MAY 14, 2014 10:56am ET

The New EFT Standard And Automatic Reassociation

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A new healthcare electronic funds transfer (EFT) standard went into effect at the beginning of the year, yet many healthcare IT professionals are still unaware of it and the time and money savings it can provide.

In the past, the lack of an EFT standard placed a heavy burden on providers. Providers interested in receiving EFT payments had to deal with a variety of enrollment procedures, and transactions were often delayed. There was also no standard for reassociation of data—making it difficult to match payments with claims.

As part of the Patient Protection and Affordable Care Act, the new Healthcare EFT Standard took effect in January to help remedy those problems. Enrollment, security and reassociation processes have all been established, making it easier, safer and more efficient for healthcare providers to receive EFT payments via the c.

For healthcare professionals, including billers, coders and IT personnel, the new standard offers a faster, easier and less expensive way to handle payments. For example, each EFT payment includes a reassociation number, which makes matching outstanding claims with payments quick and easy for accounting offices. The Healthcare EFT Standard is the only payment method with this feature.

Healthcare EFTs via ACH are also faster than paper checks and card payments. Healthcare EFTs are received as quickly as direct deposit, and the transferred funds are available up to seven days faster than with paper checks.

Additionally, healthcare EFTs via ACH are more secure than checks—the dominant payment form targeted by fraudsters—and all transactions are compliant with HIPAA privacy standards.

The most significant benefit, though, might be the cost savings afforded by using healthcare EFTs instead of other payment types. The cost of a claims payment using the Healthcare EFT Standard is, on average, 34 cents. Other EFT payment types, such as wire transfers and credit cards, can cost $10.73 or more per transaction.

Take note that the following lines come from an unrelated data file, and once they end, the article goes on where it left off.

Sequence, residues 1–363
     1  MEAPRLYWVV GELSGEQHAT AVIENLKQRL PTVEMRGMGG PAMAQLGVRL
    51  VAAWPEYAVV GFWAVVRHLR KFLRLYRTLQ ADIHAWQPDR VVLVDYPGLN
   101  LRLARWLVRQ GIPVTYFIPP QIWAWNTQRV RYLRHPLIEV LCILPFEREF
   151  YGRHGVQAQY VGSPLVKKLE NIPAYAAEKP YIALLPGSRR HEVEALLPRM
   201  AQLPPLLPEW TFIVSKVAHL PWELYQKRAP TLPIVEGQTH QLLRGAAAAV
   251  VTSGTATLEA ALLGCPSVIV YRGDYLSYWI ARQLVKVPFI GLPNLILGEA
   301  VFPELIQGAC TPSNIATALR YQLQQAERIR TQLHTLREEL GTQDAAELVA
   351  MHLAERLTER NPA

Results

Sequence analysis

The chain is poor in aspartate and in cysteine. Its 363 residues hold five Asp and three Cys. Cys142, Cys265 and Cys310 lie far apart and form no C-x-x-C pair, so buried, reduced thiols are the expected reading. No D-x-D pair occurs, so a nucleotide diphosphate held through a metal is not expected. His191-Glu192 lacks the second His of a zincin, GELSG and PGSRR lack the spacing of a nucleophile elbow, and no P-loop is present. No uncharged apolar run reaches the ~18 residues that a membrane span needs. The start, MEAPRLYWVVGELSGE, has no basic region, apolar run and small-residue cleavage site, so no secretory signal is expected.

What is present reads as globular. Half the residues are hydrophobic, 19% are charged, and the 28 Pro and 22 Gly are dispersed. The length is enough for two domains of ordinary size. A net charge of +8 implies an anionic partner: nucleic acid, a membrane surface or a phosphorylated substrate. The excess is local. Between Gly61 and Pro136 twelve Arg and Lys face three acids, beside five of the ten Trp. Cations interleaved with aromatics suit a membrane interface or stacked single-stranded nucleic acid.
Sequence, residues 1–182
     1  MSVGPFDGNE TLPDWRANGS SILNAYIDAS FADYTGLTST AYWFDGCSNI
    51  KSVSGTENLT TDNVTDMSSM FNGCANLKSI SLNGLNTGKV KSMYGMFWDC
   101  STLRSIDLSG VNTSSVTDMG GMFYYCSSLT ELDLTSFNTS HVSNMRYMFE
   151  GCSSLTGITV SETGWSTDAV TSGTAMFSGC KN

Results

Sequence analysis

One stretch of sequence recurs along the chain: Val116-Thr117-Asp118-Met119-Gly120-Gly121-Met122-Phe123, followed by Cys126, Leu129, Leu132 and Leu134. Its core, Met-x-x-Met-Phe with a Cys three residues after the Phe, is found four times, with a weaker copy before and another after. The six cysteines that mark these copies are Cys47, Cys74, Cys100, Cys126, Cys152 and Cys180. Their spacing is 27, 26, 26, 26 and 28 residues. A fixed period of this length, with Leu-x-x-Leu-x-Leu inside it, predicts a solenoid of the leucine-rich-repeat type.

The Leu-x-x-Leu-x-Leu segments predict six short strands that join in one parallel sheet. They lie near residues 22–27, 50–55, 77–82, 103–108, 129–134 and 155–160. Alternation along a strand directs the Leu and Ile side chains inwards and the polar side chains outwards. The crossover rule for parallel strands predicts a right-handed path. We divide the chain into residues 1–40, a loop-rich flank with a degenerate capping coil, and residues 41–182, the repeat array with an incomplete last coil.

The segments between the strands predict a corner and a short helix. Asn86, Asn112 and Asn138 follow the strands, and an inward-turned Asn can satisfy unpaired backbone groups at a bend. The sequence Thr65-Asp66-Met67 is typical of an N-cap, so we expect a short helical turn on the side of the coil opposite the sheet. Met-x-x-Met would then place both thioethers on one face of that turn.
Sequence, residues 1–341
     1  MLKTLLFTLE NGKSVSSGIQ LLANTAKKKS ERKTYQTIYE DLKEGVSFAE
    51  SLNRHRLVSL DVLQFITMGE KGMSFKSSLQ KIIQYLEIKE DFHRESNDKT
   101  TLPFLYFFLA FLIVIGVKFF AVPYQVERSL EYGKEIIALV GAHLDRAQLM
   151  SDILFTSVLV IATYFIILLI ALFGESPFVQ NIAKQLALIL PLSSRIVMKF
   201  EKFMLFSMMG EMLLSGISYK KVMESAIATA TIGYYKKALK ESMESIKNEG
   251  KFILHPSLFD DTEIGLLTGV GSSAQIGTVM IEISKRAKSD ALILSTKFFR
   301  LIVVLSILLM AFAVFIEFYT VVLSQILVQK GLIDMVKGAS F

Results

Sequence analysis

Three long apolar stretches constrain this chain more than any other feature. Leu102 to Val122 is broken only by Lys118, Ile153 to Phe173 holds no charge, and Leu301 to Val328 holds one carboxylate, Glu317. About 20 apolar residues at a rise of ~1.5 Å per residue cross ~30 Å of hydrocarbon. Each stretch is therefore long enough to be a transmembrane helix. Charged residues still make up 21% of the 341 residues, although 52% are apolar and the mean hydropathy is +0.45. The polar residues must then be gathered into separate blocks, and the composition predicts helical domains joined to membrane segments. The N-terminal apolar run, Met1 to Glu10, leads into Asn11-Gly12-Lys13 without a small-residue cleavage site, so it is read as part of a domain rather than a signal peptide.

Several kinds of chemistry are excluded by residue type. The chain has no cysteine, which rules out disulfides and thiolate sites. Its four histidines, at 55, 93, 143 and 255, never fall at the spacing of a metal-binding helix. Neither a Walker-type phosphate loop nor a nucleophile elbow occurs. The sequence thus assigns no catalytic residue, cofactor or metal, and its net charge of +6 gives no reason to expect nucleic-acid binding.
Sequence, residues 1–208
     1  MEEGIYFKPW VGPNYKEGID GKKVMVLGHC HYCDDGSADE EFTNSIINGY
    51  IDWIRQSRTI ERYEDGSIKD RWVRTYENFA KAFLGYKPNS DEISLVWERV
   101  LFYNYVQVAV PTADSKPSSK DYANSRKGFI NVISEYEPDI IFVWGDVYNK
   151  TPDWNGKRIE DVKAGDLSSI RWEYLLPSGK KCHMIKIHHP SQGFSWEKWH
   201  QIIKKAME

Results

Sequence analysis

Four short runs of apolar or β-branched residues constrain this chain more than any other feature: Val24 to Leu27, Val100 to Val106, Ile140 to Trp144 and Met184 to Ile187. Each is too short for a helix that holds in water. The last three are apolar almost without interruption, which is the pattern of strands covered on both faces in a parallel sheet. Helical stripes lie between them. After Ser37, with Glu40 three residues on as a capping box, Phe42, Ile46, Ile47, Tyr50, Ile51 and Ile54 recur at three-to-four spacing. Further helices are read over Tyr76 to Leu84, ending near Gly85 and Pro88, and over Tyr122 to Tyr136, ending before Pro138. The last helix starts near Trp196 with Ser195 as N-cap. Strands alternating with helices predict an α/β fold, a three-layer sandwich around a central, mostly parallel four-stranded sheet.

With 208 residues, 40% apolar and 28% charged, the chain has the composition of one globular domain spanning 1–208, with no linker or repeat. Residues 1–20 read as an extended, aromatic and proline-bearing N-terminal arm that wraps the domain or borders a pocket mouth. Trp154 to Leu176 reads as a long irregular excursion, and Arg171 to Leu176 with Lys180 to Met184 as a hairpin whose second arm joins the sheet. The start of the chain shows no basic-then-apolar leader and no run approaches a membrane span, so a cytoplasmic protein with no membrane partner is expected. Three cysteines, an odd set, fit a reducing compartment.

Those cost reductions, combined with additional savings on items like paper, could save physician practices and hospitals an estimated $3 billion to $4.5 billion over the next 10 years, according to preliminary estimates from the Department of Health and Human Services.

Healthcare practices can easily begin realizing the benefits of the new Healthcare EFT Standard. To get started, they simply have to contact their health plans, choose the Healthcare EFT Standard and provide the health plans with their payment information. All health plans must be able to deliver the EFT standard if requested by a provider. According to the Centers for Medicare & Medicaid Services, the agency responsible for enforcing the Healthcare EFT Standard, health plans are not allowed to delay or reject an EFT or ERA transaction and/or charge an excessive fee, or give providers incentives to use a payment method other than the ACH Network.

For more information on the new Healthcare EFT Standard, visit healthcare.nacha.org.

Priscilla Holland, AAP, is senior director of healthcare payments at NACHA – The Electronic Payments Association.

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